The holidays are a prime drink-enjoying season. Whether your preferred poison is mulled wine, eggnog, or an obscure craft beer, alcohol could represent a huge portion of your party budget at any time of the year. Take a moment and appreciate the bill when you're standing at the checkout counter — it turns out we're all paying less for liquor than we should be.
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New research published in the Journal of Studies on Alcohol and Drugs has found that state taxes on alcohol have not kept pace with inflation. The facts underpinning this conclusion are a bit convoluted, but basically, breweries and distilleries pay an excise tax when their product is manufactured. That tax is based on a fixed cost per unit volume, without regard for the cost of the raw materials or the product's price point. Further complicating matters is that the unit taxed is the barrel, which is not even standardized within different kinds of beer, much less all drinks in general.
Ultimately, because most states haven't updated their tax structure on alcohol since the early 1990s, manufacturers are underpaying taxes by about 30 percent for beer, 27 percent for wine, and 32 percent for spirits. Those taxes are already built into the costs the customer pays, and that's not even counting resale markups that bars make, which makes them invisible to most drinkers. But in an editorial, the lead researchers suggest that raising this excise tax on manufacturers could "increase state revenues, decrease the consequences of excessive consumption, and reduce the need for health care services," according to a press release.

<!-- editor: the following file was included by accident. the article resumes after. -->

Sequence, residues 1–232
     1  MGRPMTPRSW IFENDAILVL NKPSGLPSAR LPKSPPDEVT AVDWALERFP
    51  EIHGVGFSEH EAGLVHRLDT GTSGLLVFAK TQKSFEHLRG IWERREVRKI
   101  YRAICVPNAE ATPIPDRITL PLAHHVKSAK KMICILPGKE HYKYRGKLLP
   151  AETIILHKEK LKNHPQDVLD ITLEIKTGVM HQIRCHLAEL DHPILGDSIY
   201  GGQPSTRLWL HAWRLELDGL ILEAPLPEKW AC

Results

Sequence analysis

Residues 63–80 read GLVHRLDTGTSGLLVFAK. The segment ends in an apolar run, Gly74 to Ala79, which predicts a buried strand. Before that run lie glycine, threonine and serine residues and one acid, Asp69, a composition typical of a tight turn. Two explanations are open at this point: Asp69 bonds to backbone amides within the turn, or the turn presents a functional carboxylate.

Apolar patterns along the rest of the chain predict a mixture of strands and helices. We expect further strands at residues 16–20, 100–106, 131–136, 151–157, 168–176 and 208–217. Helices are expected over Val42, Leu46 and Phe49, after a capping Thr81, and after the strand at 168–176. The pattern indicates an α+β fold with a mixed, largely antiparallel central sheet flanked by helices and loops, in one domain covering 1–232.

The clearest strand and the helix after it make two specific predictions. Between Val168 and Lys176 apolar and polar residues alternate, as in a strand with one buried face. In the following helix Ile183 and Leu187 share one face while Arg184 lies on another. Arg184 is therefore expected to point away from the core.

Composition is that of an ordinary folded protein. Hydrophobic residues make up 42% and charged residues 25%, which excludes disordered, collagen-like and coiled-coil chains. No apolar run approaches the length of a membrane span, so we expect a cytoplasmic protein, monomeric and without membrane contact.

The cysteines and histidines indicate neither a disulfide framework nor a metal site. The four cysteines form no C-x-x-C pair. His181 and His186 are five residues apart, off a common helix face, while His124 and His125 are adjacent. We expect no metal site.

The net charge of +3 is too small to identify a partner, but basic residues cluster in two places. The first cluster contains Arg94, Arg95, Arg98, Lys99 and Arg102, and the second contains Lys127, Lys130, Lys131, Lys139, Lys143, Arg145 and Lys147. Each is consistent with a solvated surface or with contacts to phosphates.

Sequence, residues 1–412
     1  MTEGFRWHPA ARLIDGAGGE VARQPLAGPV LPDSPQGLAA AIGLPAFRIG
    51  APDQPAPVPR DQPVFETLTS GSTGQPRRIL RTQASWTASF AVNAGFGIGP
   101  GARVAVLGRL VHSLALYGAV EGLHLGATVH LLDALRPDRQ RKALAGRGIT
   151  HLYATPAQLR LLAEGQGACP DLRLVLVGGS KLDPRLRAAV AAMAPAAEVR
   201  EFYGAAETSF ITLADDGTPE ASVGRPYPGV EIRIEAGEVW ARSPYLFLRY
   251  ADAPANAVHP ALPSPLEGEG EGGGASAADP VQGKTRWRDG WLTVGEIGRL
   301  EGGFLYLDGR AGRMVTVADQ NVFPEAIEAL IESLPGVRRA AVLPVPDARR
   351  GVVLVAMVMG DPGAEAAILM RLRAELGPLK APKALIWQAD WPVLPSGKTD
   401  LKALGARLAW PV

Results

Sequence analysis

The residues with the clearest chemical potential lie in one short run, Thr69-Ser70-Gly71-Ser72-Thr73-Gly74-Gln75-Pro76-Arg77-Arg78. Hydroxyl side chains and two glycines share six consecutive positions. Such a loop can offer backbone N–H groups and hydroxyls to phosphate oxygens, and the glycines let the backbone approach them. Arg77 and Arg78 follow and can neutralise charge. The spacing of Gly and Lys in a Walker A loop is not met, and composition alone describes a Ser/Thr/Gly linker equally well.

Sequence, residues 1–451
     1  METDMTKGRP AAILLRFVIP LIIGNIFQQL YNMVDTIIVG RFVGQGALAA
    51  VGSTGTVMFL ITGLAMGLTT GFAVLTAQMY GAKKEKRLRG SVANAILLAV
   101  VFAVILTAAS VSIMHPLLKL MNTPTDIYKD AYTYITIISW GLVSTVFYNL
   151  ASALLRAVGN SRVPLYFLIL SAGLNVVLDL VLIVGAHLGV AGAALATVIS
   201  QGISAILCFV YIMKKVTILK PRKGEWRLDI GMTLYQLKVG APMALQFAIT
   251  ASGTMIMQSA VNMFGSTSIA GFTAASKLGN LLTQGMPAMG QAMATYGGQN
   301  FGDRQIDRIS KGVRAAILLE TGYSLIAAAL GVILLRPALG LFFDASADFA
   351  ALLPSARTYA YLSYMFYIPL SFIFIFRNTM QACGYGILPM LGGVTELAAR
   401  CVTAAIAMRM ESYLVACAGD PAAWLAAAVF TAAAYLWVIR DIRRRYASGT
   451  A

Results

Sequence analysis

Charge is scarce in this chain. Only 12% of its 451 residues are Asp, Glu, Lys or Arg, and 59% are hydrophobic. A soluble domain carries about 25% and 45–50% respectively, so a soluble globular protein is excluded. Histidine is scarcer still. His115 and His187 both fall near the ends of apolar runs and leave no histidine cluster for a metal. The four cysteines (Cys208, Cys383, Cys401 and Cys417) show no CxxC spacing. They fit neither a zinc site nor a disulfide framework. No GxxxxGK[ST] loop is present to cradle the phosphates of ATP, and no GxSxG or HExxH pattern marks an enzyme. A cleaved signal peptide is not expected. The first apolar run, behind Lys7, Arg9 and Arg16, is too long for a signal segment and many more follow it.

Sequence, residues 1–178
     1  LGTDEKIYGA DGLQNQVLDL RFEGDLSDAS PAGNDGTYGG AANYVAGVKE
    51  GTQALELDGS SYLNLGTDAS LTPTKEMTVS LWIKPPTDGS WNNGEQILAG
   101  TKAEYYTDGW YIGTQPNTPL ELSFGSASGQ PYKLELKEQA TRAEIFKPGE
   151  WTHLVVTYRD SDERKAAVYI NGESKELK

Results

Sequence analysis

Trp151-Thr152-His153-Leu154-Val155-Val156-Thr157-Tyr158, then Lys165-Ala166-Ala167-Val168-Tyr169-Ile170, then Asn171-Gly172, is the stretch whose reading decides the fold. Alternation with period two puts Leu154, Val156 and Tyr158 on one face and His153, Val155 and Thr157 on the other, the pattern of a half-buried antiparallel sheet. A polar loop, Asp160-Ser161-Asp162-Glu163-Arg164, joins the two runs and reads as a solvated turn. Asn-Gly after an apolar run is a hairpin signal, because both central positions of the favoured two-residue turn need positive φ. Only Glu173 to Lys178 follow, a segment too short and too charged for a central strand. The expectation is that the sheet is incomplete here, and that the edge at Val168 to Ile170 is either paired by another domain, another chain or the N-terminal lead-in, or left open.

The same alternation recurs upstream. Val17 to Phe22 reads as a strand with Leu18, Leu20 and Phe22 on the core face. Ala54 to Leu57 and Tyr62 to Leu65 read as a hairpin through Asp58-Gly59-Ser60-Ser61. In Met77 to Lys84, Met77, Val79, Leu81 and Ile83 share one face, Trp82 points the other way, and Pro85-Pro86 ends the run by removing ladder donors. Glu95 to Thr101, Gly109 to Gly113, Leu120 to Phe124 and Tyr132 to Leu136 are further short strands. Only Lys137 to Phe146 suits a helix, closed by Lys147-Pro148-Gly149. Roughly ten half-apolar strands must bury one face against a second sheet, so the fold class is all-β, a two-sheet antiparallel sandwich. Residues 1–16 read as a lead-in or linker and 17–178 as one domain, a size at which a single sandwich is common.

There's precedent, but it's not popular: A number of so-called "soda taxes" in cities across the U.S. have reduced sugary beverage consumption, but to the tune of unhappy drinkers and angry trade associations. The public health benefits of updating taxation on alcohol could be tremendous. Whether states will take a chance on raising the cost of a drink is another story.